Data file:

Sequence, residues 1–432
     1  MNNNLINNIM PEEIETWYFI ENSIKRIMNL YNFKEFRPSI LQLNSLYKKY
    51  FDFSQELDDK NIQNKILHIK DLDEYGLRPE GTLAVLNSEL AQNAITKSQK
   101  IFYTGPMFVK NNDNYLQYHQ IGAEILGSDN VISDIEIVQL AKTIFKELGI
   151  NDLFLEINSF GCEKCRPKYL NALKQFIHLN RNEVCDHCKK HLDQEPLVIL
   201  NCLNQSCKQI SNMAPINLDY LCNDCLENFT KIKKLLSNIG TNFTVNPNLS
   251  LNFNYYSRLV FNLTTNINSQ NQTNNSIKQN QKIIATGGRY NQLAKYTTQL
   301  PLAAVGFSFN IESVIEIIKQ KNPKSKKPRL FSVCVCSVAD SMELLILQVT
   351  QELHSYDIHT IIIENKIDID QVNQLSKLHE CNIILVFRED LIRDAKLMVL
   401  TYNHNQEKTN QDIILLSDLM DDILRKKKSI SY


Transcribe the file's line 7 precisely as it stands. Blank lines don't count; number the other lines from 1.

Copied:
   251  LNFNYYSRLV FNLTTNINSQ NQTNNSIKQN QKIIATGGRY NQLAKYTTQL